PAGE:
Our last full day in the city, we took a bay cruise to Alcatraz island. I wasn’t entirely sure that I would enjoy Alcatraz. High-security prisons don’t really equate with “happy place” or “vacation destination” in my mind. But, on the other hand, I felt like it was one of those things you should do if you have the chance. I was pleasantly surprised by the whole experience. I wasn’t aware that the Alcatraz history stretched back to the Civil War, where it served as a military fort for the Union. Later, it served as a high-security prison that closed in 1964 due to high operating costs and new trends in corrections leaning away from punishment and towards correction and rehabilitation. Finally, in the later 60’s the island was inhabited by Native Americans, protesting their mistreatment by American settlers. The island views were gorgeous from the Bay Bridge to the Golden Gate, with the San Francisco Skyline in between. We did an audio tour of the cell house, where we learned about prison life as well as the prisoner’s failed escape plans. We also learned about the many guards’ families who inhabited the island. I thought it was interesting that many admitted to never locked their doors. After taking in most of the exhibits on the island, we returned to the boat and ate lunch as we traveled back across the bay. Next, keeping with the “locked up” theme of the day, we went to the International Spy Store for a lock picking lesson. This was a Groupon purchase inspired by something Joe said on our way home from a trip to Mexico a few years ago. We’d locked our keys in the trunk of the Mustang and had to hire a locksmith. Since convertibles don’t have a trunk release, the locksmith had a really hard time getting into the trunk itself. Joe said watching someone attempt to break into his car was kind of an entertaining vacation excursion in itself. Ergo — when I saw the Groupon — I just had to get it as part of Joe’s Christmas present! The spy store itself looks cool on the outside, but it could have been set up better on the inside, in my opinion. We learned how to pick handcuffs, padlocks, and door locks. From what I can tell — it takes practice, but it’s not impossible for anyone who has some time. Of course — we will use our powers for good — if you get locked out of your house — give us a call! Next, we took a ride on a cable car! I can’t believe these things still exist — it seems like a major liability for a city to allow random citizens to hang off the side of public transportation running right alongside normal city traffic. But, they are certainly fun — as Joe says — they’re kind of like a wooden roller coaster. After doing a little more shopping (more maternity clothes!) we returned on the cable car, had supper (at IHOP, again — yes!) and went to bed. Our alarm went off at 2 am and we spent the day making our way back to Rolla. I have one funny travel story — but I refuse to publish it on the internet! If you see me — Katie — be sure to ask!

Arriving at Alcatraz Island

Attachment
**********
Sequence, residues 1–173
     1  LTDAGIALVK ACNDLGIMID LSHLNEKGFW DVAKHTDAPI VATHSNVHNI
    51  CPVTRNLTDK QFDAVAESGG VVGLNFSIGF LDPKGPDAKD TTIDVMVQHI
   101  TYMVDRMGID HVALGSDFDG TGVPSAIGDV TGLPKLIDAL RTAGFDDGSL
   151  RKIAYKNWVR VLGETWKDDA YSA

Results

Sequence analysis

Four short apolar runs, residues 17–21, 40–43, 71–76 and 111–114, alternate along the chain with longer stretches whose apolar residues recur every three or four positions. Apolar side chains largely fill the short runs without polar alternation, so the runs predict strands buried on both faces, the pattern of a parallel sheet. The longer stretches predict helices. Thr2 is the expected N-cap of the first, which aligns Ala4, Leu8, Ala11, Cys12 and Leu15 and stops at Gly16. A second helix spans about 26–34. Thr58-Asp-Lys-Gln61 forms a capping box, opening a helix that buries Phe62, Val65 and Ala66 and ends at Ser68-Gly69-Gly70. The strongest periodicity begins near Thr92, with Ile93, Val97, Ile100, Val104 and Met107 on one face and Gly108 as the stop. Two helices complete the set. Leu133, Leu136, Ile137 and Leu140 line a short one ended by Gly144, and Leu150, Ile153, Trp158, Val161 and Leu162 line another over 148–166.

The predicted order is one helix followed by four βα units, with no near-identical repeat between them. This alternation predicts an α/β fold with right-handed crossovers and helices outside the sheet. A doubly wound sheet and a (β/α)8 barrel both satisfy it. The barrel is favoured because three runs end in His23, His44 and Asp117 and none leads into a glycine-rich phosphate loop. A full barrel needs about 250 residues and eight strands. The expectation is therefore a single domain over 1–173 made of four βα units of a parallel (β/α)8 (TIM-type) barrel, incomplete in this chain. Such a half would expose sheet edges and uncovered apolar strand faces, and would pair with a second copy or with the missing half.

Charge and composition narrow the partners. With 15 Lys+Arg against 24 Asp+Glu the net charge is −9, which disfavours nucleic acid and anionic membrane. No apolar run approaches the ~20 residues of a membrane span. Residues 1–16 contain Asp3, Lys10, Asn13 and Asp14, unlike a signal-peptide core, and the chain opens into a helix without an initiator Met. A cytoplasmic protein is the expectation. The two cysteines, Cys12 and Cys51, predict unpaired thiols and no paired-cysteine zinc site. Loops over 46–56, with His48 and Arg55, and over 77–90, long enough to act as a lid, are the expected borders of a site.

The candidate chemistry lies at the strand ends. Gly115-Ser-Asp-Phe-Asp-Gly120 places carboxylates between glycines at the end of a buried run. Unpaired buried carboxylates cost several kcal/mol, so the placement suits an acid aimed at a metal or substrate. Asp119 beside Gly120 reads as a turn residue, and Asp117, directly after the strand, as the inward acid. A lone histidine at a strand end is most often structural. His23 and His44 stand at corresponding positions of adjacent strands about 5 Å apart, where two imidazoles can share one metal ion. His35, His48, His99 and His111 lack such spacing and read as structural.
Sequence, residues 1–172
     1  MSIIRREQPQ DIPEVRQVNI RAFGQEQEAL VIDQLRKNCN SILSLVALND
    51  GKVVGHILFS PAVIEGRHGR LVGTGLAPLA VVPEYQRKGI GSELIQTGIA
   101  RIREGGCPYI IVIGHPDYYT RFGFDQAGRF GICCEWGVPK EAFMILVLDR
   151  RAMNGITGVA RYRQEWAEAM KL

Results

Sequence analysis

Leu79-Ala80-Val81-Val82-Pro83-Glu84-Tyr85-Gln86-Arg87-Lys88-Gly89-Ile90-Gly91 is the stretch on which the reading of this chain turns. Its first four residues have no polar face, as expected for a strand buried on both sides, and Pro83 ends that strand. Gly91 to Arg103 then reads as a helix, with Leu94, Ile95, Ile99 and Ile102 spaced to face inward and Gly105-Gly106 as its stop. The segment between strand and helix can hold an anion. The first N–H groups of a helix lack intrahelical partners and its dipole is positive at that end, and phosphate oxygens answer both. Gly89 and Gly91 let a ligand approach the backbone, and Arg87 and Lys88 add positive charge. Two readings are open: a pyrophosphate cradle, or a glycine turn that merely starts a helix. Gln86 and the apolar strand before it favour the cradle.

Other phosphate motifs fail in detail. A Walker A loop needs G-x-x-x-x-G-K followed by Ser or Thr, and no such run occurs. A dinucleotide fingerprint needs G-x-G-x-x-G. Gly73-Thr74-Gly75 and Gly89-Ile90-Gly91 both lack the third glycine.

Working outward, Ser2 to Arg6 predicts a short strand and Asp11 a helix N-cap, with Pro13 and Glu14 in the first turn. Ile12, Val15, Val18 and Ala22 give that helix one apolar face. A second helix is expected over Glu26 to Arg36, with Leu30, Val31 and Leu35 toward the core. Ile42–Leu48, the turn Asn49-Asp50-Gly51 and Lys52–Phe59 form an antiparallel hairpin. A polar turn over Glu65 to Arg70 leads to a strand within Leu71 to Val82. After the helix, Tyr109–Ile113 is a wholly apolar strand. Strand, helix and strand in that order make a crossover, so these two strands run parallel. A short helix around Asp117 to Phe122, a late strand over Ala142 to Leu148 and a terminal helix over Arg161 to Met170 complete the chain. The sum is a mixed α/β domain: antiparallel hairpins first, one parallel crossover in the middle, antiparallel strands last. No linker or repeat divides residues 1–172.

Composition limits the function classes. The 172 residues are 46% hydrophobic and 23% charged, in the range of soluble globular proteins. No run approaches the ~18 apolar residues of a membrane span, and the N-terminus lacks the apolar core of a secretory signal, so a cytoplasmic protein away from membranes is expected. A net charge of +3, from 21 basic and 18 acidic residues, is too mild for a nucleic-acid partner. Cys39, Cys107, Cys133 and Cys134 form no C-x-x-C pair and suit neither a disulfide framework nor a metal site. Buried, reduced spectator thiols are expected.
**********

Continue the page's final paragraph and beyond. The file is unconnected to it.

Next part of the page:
Arriving at Alcatraz Island

On the island

On the island


Cable car

Cable car

Babymoon is kind of funny word, and from what I can tell, a new concept that probably leaves some people rolling their eyes. Traveling with Joe for the last 9 years has definitely been one of the best parts of my life. Throughout this trip, we had babies on the brain and we kept our eyes peeled for baby travelers. They are out there and soon enough we’ll have one of our very own! We can’t wait!

3 Day Weekend in Hot Springs National Park


Hello from Hot Springs! It’s the last long weekend of Summer 2014 and we decided to make the most of it with a little getaway to someplace we’ve never been — Hot Springs, Arkansas!

Hot Springs is a National Park that contains plenty of water, hiking trails, and some hot and steamy natural springs. Throngs of Americans flooded this area in the 1920’s in search of relaxation and the natural elixir found in the city’s many bathhouses. With the rise of antibiotic treatments, the public bathing business has taken a dive, leaving the city of Hot Springs itself with the vibe of a historic era — gone, but not forgotten.
Hot Springs Arkansas Chapel



We hit the road on Saturday around 9 am and rolled into town around 3:30 PM. Our first stop was Garvan Woodland Gardens — home of St. Anthony’s Chapel and miles of hiking trails. We spent a few hours winding around the path, checking out the lake along with many streams and waterfalls.

Next, we went to dinner at the Bleu Monkey Grille, a casual restaurant right next door to our hotel. We both ordered fresh pasta and ate more than enough.

After a good night’s sleep at Country Inn and Suites (a hotwire deal), we headed downtown to check out the city. We went on a Duck Tour, which was a good way to get a lay of the land, but I don’t think either of us really shared in the guide’s humor. Regardless, ducks are a fun way to tour most anywhere — we saw the sights in town and enjoyed a tour around Lake Hamilton.


Next, we did a little more hiking along the Grand Promenade — a paved walkway where well-to-do folks used to strut along like peacocks –showing off their fine fashions before or after indulging in the baths. Today, it’s still a nice nature path — filled with a variety of people in hiking gear. We stuck our hands in the HOT water — the streams steam like pots of boiling water. Stand close enough to the spring and you’ll get the same sensation you would get standing in a sauna. Perhaps it’s the power of suggestion, but I felt like my hands were extra soft after dunking them in the springs.

We ate lunch at the Copper Penny Pub — an Irish bar with live music and hearty food. After lunch, we headed towards bathhouse row — a line of historic bathhouses, some of which are still in operation today. The first building hosted the National Park visitor center. In here, we both drank a cup of the spring water. The water is tasteless, but it contains large amounts of minerals including calcium and fluoride. Outside the bathhouse, we noticed people filling bottles and jugs in the public spring taps. One man, in particular, had a dozen 10-gallon jugs. Nice guy — he warned me that the water was hot. Hot? Really? Where are we right now?